How can natural ingredients support Atlantic Salmon in coping with handling stress?

Atlantic salmon (Salmo salar) farming industry frequently faces the challenge of managing sea lice infestations, which necessitates mechanical treatment procedures that can stress the fish. Handling stress from crowding and delousing can negatively impact fish appetite and growth, leading to economic losses. This study, led by Jinni Gu, evaluates the efficacy of a feed product supplemented with natural plant-based ingredients rich in phytobiotics in mitigating stress-induced growth loss in Atlantic salmon.


The trial was conducted over nine months (September 2022 – May 2023) in sea cages in Norway. The study aimed to mimic the conditions of mechanical sea lice treatments, involving four handling events. Each event consisted of crowding the fish for 1.5 hours, followed by netting, anesthetizing, individual weighing, and manual delousing. The test feed was pulse-fed to the salmon two weeks before and during the week of handling events. 

Three groups were included in the study: 

  1. Unstressed Control (Unstressed): Fed a standard grower diet without handling stress. 

  2. Stressed Control (Stressed-C): Fed a standard grower diet with handling stress. 

  3. Stressed Test (Stressed-T): Fed a test diet supplemented with natural plant-based ingredients, with handling stress. 


Stress Biomarkers 

The handling events significantly increased stress biomarkers such as glucose, lactate, calcium in serum, and cortisol deposited in scales in regardless of  feeding groups (Figure 2) confirming the fish had been suffering stress caused by the handling. 

Feed Intake and Appetite Recovery 

The Stressed-T group recovered their appetite more quickly after handling events compared to the Stressed-C group. This effect became more pronounced after the second handling event, indicating that the test diet helped mitigate the negative impact of stress on feeding behavior (Figure 1).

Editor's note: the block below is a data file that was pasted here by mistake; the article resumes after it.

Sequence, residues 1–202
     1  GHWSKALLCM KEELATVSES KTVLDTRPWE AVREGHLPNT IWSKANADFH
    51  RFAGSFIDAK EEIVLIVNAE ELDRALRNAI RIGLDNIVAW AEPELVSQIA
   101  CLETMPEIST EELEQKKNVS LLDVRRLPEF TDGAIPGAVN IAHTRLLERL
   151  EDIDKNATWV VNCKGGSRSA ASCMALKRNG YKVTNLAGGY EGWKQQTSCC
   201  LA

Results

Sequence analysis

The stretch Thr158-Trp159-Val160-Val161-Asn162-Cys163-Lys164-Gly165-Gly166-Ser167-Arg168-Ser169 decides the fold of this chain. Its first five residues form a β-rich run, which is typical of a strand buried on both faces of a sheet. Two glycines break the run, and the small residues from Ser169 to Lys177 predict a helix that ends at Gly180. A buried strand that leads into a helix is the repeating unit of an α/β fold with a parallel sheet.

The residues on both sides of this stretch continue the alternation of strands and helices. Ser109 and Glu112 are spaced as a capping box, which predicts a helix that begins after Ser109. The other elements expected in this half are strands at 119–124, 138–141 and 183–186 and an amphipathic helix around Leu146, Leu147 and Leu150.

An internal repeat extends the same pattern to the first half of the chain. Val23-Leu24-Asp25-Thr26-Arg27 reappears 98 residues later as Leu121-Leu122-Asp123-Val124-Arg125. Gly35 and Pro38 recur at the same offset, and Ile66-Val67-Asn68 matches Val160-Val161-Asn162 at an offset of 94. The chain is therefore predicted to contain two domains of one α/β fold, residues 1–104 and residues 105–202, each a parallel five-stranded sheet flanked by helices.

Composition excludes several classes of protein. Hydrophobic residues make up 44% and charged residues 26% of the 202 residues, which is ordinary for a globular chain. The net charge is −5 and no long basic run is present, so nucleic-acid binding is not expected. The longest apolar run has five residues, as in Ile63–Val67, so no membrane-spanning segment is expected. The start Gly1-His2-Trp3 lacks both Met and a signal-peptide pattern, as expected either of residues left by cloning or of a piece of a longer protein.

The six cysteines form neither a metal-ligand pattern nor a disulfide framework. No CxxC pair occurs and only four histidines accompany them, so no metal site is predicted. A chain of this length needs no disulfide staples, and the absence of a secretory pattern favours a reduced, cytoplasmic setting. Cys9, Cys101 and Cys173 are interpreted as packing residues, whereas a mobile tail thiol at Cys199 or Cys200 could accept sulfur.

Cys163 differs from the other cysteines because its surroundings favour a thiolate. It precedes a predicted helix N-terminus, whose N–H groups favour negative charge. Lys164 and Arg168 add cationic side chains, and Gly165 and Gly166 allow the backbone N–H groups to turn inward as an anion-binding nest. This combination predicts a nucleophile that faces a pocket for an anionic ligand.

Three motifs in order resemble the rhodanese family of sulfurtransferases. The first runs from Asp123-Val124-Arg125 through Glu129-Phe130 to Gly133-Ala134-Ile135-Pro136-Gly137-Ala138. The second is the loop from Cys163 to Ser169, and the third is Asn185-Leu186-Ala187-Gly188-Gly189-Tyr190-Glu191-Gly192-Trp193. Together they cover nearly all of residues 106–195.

Growth Performance 

The thermal growth coefficient (TGC) was significantly higher in the Stressed-T group during the entire stressed period, particularly after the third handling event. The final body weight of fish in the Stressed-T group was 11,3% higher than the Stressed-C group. This suggests that the test diet not only helped maintain growth during stress but also improved overall growth performance. 

Fillet Quality and Pigmentation 

The fish fed the test diet (Stressed-T) showed significantly better fillet quality with higher Salmofan scores, indicating improved pigmentation compared to the Stressed-C group (p<0.05). Additionally, there was less downgrading of fillets due to gaping and inelasticity in the Stressed-T group. 

Figure 1: Fish pulse-fed test diet recovered appetite faster after the crowding events (orange star). The effects were more evident from the 2 nd event. (N=2)

The study demonstrates that a diet supplemented with natural plant-based ingredients can effectively mitigate the negative impacts of handling stress in Atlantic salmon. The faster appetite recovery, enhanced growth performance, and improved fillet quality observed in the Stressed-T group highlight the potential benefits of such dietary interventions. 

Strategically feeding Atlantic salmon a diet enriched with natural phytobiotics can significantly improve their ability to cope with handling stress.

This dietary intervention leads to faster recovery of appetite, better growth performance, and improved fillet quality. Such solutions can be applied to other fish species, providing a practical approach to managing stress and enhancing performance in aquaculture.